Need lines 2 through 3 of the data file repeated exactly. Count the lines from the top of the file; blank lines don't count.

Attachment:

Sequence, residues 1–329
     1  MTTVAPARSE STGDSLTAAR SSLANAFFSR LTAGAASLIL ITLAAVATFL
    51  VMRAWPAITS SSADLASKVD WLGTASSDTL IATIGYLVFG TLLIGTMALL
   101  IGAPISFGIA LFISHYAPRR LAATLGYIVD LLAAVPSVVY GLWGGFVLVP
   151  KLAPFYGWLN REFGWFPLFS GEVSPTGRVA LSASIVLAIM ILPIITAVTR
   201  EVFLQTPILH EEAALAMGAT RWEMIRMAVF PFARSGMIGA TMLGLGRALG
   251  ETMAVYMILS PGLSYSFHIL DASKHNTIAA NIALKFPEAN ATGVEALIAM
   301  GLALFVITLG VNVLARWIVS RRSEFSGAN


     1  MTTVAPARSE STGDSLTAAR SSLANAFFSR LTAGAASLIL ITLAAVATFL
    51  VMRAWPAITS SSADLASKVD WLGTASSDTL IATIGYLVFG TLLIGTMALL